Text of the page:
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We like them bumpy, lumpy and ugly

Pumpkins, that is. People too ... perhaps. Character, uniqueness. At least that's how we consul ourselves. Smile.

I know the seasons are changing when pumpkins begin arriving at local stores, heralding the beginning of my most favorite season. A season of warmth, of hope, and promise.

For a simple round burnt orange fruit that denotes for most of us that quiet, country setting; pumpkins are anything but ... simple. Other than simply delicious, that is.

Pumpkins, in the agricultural world, have quite the reputation. Did you know that more than 1.5 billion pounds of pumpkins are grown each year in the United States, making them the most popular crop grown? Who would have thought? My guess was corn. Top pumpkin-producing states include Illinois, Indiana, Ohio, Pennsylvania, and California.

Do you remember those childhood pumpkin hunting trips? The ones where few in your group agreed on exactly what constituted the "perfect" pumpkin. Was it tall, short and squat, perfect, unblemished, a flat side that could be hidden? In my family ... it was perfectly round with just the right healthy stem. Today, the Wilsons get one of each. The Cinderella pumpkin being my pick, then there is the tall and skinny, and the short and round. But warty? A definite possibility.

Collecting misshapen, twisted, lumpy, bumpy, warty pumpkins? Absolutely ... and we're not alone. People all over the country are opting for, it seems, the most blemished, warty pumpkins they can find. In fact, "Anything that's ugly or weird or unusual, it just sells like crazy," said Randy Graham, who grows 40 pumpkin varieties near Champaign, Ill.

People who take care of our money are taking note. The National Retail Federation estimates 68.5 million Americans will buy and carve pumpkins this year, a healthy 5 percent increase. In all, we will spend $1.63 billion on Halloween decorations. Hmmm ... I'll have to check the numbers for Christmas!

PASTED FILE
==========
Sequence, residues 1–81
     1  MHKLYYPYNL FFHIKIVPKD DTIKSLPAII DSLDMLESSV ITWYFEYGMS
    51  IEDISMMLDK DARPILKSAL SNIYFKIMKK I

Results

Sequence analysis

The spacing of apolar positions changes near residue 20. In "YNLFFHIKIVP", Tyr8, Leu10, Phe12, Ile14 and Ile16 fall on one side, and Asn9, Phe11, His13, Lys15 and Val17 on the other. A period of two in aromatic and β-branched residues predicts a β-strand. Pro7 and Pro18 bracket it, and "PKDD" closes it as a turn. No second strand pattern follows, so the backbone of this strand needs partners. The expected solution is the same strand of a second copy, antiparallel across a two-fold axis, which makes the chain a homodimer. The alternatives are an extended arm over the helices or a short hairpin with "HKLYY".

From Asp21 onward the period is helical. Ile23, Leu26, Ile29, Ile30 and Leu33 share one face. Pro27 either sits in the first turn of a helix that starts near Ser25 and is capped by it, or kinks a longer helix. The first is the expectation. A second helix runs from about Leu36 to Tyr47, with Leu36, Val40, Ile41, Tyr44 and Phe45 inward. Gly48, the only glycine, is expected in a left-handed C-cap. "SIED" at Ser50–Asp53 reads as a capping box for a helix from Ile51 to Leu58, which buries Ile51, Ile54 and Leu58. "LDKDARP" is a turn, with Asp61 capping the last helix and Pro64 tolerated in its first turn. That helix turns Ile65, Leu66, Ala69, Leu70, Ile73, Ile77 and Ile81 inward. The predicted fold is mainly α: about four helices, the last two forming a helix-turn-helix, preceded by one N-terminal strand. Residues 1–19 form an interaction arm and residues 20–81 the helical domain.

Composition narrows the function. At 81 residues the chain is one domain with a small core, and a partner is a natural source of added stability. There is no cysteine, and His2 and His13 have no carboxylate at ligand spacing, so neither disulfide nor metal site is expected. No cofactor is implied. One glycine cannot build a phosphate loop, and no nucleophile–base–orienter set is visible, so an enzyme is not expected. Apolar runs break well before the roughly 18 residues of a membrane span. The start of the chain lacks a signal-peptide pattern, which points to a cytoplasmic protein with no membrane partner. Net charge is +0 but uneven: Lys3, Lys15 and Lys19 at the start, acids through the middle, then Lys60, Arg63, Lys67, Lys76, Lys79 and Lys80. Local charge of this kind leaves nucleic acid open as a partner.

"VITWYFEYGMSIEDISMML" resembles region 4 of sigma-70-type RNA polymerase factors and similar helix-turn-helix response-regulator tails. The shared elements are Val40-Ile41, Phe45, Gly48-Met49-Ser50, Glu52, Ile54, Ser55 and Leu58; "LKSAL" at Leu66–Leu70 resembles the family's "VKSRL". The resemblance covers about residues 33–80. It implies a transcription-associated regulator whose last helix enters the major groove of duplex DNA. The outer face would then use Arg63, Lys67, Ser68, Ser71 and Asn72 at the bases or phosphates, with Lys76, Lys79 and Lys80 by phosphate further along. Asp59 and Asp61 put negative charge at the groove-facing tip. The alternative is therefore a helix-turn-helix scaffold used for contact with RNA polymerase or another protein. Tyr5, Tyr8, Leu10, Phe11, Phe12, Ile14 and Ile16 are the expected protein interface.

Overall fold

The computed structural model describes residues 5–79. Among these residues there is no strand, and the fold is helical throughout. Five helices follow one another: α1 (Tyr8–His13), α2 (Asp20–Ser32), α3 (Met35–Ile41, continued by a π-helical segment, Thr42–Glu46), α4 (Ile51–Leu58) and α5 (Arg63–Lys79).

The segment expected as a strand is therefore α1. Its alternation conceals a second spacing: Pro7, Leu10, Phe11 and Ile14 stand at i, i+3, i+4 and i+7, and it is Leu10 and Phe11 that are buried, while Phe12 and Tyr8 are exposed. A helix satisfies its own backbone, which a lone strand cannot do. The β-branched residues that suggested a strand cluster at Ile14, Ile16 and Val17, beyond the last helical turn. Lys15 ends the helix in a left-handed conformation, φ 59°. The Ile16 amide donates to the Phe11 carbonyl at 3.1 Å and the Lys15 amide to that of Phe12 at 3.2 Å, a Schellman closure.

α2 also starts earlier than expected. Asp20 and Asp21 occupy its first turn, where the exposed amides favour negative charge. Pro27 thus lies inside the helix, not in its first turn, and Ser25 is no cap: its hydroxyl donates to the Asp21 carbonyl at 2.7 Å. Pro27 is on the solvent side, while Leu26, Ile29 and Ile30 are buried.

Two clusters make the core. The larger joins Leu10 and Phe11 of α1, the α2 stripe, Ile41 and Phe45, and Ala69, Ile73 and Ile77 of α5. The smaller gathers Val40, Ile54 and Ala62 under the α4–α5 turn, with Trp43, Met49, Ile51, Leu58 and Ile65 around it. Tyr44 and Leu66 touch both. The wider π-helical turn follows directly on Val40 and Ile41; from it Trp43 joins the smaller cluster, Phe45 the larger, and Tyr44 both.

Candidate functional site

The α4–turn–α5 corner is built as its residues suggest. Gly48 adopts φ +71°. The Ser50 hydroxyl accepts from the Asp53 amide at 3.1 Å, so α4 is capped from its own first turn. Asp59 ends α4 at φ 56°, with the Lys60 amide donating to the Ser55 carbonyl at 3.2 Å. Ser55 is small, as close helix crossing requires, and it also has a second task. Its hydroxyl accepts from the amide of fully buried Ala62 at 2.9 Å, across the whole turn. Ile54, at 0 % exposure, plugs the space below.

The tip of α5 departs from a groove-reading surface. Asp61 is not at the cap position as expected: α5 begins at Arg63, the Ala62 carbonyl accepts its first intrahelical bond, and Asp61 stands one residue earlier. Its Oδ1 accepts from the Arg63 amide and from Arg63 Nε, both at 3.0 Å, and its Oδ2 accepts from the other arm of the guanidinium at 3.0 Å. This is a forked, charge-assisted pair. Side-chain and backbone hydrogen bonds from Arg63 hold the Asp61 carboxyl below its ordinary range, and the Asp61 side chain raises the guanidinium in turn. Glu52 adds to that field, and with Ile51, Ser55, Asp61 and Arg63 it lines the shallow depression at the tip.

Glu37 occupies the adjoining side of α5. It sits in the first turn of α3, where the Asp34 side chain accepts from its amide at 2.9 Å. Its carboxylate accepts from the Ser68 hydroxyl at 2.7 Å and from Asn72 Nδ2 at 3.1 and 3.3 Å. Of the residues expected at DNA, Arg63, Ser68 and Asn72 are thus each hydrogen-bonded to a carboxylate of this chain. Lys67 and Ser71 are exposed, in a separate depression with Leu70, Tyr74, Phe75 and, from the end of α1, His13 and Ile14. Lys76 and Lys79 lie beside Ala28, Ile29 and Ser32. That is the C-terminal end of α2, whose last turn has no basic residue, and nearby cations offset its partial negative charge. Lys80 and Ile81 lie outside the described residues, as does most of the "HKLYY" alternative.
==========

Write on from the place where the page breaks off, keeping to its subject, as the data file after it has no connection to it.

This warty craze? It's a few years old now ... but new for many of us. Some farmers discovered this misshapen demand quite by accident. Morton, Illinois, is home to many pumpkin farmers like John Ackerman, who have primarily sold their produce to Libby, the country's largest canned pumpkin supplier.

Ackerman now grows about 150 pumpkin varieties. As all good pumpkin farmers do, Ackerman started out growing big, perfectly beige pumpkins. One year, however, he had a hundred or so that couldn't be mechanically picked, they were down by the creek bed and were definitely not perfect. So he brought them home and displayed them in his front yard. "Amazingly, people started to stop and asked, 'Are those for sale?'" He made sales ... and a new twist on an old favorite was born.

What was once an inexpensive fall tradition has turned into an industry attracting numbers that take notice. I don't really mind the commercialization of these fun family traditions. As a fall purist, that seems strange. But I am well aware that for traditions to live on from generation to generation, they have to mean something to the people who celebrate them. And if they fall from commercial favor, our children will not continue ... and the tradition will simply die. Any tradition that causes families to have fun and make memories is worth keeping alive. And if that means over commercialization, so be it.

For me, pumpkins are not just about Halloween or fall. They are a symbol of the harvest, a symbol of provision, a symbol of growth and health, of rebirth, of blessing. A tiny seed planted in the spring can produce life that can weigh as much as 1810.5 pounds, as did the 2010 Stillwater, Minnesota, pumpkin on October 9, 2010.

This harvest season; light a candle, display your pumpkins, twisted or perfect, your gourds, cornstalks and mums; and be mindful of your plenty, your blessings ... your harvest.

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